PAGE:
History of Angling and Different Angling Methods
Angling is fishing with fish hook (angle) which is tied to the line. Line is attached to the rod which often has reel which holds the line and can be used
to retrieve it. Angling is used predominantly in sport fishing but some of its variants are also used in commercial fishing.
The oldest fish hook was found in 2011 in East Timor in Czechoslovakia. It was made from shell and it is estimated that it is between 16,000 and 23,000
years old. One of the earliest types of hook, a “gorge hook”, was used for the first time some 7,500 years ago. Gorge hook was made of wood or bone in a
shape of a short stick (3 – 4cm) which was pointed at both ends and tied in the middle with a line. Bait was placed on a gorge hook so it stands parallel
with a line and like that placed in water. Fish would eat the bait and gorge hook with it and, with a slight thug, gorge would be stuck in a throat of a
fish. Native Americans of the California coast used these hooks from around 5,500 to 1,000 year BC. But thousands of years needed to pass for angling to
turn from method of survival to sport.
People started to fish for pleasure and sport around 15th century in different parts of the world. The first text in Europe to mentions angling was “The
Treatyse on Fysshynge with an Angle” written by Dame Juliana Berners and published in 1496. Rods used for angling at that time were 4 meters long. In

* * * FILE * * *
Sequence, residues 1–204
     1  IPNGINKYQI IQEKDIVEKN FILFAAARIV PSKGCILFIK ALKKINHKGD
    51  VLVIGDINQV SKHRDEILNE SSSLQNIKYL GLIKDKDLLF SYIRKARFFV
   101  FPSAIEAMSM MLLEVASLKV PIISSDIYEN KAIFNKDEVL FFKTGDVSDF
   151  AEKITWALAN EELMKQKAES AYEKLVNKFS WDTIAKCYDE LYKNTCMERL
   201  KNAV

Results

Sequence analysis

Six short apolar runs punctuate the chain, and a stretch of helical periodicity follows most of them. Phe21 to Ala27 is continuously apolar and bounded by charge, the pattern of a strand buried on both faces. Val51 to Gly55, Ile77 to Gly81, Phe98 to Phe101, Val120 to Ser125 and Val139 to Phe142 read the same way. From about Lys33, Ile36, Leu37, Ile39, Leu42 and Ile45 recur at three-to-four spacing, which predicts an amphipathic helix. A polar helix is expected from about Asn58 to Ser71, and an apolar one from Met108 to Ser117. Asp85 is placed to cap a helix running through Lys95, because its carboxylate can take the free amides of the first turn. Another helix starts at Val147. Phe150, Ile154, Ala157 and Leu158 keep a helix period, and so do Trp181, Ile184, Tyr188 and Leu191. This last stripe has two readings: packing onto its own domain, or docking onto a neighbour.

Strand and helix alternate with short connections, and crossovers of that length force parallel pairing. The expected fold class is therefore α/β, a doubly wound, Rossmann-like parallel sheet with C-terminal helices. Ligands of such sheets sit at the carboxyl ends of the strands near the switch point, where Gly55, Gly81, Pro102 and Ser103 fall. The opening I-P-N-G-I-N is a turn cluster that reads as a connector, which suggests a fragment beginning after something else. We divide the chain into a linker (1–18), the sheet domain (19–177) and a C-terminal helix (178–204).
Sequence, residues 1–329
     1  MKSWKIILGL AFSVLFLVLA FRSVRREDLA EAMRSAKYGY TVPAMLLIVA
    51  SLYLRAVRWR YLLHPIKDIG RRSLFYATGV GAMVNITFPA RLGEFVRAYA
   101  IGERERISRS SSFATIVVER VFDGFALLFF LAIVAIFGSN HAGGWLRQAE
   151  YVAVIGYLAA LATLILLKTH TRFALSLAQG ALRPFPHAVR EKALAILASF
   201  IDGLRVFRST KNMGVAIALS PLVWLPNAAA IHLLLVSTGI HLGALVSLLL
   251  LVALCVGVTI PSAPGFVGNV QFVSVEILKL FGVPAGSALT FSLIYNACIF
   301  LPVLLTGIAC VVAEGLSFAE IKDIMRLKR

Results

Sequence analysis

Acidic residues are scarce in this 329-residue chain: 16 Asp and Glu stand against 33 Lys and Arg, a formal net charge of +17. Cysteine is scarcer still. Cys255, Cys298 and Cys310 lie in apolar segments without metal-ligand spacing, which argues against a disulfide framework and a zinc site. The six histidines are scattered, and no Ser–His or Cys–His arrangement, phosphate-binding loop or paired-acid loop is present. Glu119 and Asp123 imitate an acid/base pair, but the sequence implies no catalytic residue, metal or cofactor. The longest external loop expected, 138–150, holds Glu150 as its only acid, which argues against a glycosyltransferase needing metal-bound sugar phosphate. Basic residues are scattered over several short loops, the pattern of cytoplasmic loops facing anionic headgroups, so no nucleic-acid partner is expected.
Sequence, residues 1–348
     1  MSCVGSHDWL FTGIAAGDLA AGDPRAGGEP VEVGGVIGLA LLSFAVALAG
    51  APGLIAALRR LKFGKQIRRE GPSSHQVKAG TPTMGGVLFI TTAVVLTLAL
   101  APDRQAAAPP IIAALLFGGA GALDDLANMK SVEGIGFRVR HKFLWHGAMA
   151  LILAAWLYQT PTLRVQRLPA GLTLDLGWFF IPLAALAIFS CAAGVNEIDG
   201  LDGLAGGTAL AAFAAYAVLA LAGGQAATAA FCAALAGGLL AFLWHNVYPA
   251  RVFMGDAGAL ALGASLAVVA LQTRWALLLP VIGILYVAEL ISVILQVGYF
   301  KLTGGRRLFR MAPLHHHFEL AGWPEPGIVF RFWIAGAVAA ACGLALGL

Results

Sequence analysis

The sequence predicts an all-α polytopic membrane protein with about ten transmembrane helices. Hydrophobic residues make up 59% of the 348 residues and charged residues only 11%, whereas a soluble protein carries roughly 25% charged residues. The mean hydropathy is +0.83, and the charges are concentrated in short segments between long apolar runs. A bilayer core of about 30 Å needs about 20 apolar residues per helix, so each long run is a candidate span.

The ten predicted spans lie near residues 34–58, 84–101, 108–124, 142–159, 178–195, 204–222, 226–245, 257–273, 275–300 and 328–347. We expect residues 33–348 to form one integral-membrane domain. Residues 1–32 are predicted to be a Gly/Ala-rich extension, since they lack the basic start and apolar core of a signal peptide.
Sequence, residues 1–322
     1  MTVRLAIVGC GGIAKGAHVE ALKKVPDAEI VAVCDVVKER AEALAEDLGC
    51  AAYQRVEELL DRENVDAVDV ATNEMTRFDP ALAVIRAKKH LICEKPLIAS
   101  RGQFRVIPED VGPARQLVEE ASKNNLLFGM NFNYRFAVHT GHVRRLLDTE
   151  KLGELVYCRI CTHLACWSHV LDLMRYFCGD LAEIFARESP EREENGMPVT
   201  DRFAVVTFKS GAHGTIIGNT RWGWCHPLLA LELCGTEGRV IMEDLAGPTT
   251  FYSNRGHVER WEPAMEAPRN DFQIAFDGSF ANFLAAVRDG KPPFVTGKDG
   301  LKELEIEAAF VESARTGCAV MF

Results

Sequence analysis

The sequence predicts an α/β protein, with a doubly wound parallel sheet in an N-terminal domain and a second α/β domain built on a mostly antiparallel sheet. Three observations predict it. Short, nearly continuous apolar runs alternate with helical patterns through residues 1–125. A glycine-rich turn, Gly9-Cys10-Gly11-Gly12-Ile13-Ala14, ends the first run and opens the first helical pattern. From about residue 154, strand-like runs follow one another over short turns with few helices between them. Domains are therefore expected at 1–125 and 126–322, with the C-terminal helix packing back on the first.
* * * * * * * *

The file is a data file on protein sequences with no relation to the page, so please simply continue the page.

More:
Japan, angling started in form of “Ayu fishing” in 16th century. This was a practice of samurai who were forbidden to train with their swords and used
angling as a substitute training and a technique of meditation. In Europe, in 17th century, popularity started to grow after the English Civil War. New
books about angling techniques were published and they presented angling as a sport of gentlemen. Inventions of 18th century like running rings and reel
improved the fishing techniques. Modern materials of 19th and 20th century did so further and made angling even more popular and into a sport.
For angling, fisherman can use live or artificial baits, depending on the fish he tries to catch and where it lives. Artificial baits (lures) are made to
trick the fish into thinking that it has a live target as a pray. These lures can be made by fisherman himself or industrially made (like rubber worms for
instance). For natural bait, fishermen commonly use natural pray of the fish they try to catch. They use grubs, maggots, grasshoppers, bees and even ants.
For very small fish, bread bait can be used.
Special type of angling is “catch and release” where fishermen don’t keep the fish that they’ve caught but release it after they have measured the fish
(length and weight).
Many anglers say that they find motivation for angling in fun of catching fish, the overall experience, in the challenge, and adventure.